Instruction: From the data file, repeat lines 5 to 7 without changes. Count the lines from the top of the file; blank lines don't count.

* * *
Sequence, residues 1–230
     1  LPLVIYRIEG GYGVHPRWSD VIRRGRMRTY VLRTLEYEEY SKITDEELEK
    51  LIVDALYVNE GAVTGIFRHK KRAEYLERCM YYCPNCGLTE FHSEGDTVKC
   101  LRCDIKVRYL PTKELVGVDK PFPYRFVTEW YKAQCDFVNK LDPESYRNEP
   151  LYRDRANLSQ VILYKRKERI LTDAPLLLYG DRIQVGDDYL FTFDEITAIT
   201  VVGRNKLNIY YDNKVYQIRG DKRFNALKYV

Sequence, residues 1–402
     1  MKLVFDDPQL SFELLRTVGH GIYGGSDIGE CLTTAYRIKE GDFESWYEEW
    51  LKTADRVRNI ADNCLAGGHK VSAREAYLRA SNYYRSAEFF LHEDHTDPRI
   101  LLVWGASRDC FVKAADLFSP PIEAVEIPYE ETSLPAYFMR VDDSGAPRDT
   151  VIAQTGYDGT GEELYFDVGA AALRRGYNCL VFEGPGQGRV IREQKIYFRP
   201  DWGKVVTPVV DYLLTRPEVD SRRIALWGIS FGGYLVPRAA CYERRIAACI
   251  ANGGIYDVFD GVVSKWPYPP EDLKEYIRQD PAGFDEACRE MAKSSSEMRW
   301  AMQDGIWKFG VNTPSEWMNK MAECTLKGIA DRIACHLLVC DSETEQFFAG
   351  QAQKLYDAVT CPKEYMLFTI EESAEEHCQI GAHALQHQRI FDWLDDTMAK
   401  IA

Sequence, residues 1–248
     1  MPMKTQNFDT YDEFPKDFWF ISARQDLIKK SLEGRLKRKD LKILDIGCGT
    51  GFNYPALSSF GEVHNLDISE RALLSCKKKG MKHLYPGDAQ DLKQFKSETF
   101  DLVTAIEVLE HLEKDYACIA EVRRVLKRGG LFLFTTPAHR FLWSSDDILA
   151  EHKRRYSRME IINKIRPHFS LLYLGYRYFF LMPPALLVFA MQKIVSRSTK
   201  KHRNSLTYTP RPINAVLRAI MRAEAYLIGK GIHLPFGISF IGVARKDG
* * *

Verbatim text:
   151  LYRDRANLSQ VILYKRKERI LTDAPLLLYG DRIQVGDDYL FTFDEITAIT
   201  VVGRNKLNIY YDNKVYQIRG DKRFNALKYV

Sequence, residues 1–402